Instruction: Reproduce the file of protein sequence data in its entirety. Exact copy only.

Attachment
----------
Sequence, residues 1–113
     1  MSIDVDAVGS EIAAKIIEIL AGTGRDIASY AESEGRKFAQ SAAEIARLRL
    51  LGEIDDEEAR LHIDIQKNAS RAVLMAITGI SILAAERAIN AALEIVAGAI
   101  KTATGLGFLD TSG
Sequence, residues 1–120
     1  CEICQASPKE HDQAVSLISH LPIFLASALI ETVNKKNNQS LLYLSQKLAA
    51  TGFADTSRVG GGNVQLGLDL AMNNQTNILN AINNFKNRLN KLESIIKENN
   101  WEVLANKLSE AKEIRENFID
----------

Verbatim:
Sequence, residues 1–113
     1  MSIDVDAVGS EIAAKIIEIL AGTGRDIASY AESEGRKFAQ SAAEIARLRL
    51  LGEIDDEEAR LHIDIQKNAS RAVLMAITGI SILAAERAIN AALEIVAGAI
   101  KTATGLGFLD TSG
Sequence, residues 1–120
     1  CEICQASPKE HDQAVSLISH LPIFLASALI ETVNKKNNQS LLYLSQKLAA
    51  TGFADTSRVG GGNVQLGLDL AMNNQTNILN AINNFKNRLN KLESIIKENN
   101  WEVLANKLSE AKEIRENFID